"Mosaic" takes its name seriously, putting together a picture with a shifting series of pieces, as the perspective shifts from one character to another. In that, this HBO drama from director Steven Soderbergh essentially takes a pretty conventional murder mystery, dresses it up with a gimmick and comes away with a pretty compelling if somewhat conventional story.
The aforementioned gimmick involves an app made available in advance of the show, allowing viewers, as HBO puts it, to choose which characters to follow and "build their own experience from the material created and curated by Soderbergh and [writer Ed] Solomon."
Interactivity of this sort has long been discussed, and it's becoming more practicable. Still, as drama "Mosaic" ultimately has to stand on its own, especially for those who aren't interesting in availing themselves of the "Col. Mustard in the snow-covered cabin with a candlestick" add-ons.
Fortunately, what emerges is solidly executed, with a good, ever-changing cast, kicking off with Sharon Stone as successful children's author Olivia Lake. A bit of a Norma Desmond type, the lovelorn Olivia takes in a young aspiring artist ("Mudbound's" Garrett Hedlund), before snapping when she discovers that his interest in hanging around her sprawling winter wonderland might not be romantic.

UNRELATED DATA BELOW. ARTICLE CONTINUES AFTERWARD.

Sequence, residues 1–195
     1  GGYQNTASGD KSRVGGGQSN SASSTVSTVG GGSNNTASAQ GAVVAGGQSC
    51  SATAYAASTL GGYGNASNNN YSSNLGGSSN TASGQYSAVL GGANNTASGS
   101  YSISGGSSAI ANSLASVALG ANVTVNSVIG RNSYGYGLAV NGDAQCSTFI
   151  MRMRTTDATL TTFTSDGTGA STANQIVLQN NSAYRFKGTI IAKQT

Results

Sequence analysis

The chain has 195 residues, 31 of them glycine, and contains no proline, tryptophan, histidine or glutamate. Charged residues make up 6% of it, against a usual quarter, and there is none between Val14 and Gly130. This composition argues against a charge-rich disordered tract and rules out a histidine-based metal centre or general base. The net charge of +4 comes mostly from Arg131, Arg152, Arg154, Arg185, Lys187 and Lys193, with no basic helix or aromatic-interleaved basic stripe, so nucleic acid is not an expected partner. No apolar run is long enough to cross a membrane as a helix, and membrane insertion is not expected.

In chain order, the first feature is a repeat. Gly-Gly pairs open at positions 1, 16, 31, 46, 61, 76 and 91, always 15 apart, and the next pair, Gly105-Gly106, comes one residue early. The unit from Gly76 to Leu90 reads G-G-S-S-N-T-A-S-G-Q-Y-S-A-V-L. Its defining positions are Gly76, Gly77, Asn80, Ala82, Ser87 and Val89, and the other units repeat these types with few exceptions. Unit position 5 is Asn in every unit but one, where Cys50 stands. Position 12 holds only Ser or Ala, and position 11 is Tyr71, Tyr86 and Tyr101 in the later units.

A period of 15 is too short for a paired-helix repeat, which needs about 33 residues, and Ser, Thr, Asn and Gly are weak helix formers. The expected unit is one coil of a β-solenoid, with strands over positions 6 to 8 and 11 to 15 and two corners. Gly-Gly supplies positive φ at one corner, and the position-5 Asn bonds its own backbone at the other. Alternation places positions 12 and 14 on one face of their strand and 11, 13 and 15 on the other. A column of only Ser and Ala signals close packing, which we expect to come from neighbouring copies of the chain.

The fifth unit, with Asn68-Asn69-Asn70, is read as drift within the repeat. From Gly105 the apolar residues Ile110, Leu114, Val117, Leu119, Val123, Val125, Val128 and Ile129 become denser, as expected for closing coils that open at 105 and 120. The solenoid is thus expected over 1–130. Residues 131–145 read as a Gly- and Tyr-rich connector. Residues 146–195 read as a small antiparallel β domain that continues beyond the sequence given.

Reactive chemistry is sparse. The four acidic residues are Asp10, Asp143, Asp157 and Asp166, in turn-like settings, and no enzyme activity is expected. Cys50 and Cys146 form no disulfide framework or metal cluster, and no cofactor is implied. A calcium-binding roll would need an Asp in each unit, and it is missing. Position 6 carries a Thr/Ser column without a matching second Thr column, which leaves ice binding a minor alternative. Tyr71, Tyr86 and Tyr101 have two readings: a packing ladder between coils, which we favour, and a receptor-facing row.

Sharing her insecurities with a friend (Paul Reubens), Olivia quickly launches into another relationship with Eric (Frederick Weller), who harbors his own shadowy motivations, before abruptly going missing. That, in turn, leads to a police investigation, as the focus shifts again -- to Eric's sister (Jennifer Ferrin), and a cop (Devin Ratray) she enlists to help her -- with Soderbergh and Solomon ("Men in Black") keeping viewers guessing about whether this was simply a crime of passion or might be associated with a larger, more elaborate and nefarious plot.
Because the characters and perspective keep shifting, "Mosaic" benefits from what amounts to binge viewing, and HBO is breaking form a bit by displaying the program on its linear channel in that fashion: the six-part series will air over five successive nights, with the last two installments playing back to back.
Granted, "Mosaic" isn't as groundbreaking or novel as its purveyors might like people to believe, but it reflects Soderbergh's desire to play with the TV form, an approach he has brought both to his increasingly frequent forays into television, with "The Knick" and "Godless" as predecessors.
The underlying conceit of "Mosaic" is tied to the notion of TV consumption increasingly being a two-screen experience, tapping into viewers' appetites for additional content to augment passive viewing. That's all to the good, but still only works if the pixels that go into the main picture -- as this one mostly does -- adds up to being one worth watching.
"Mosaic" premieres Jan. 22 at 8 p.m. on HBO.
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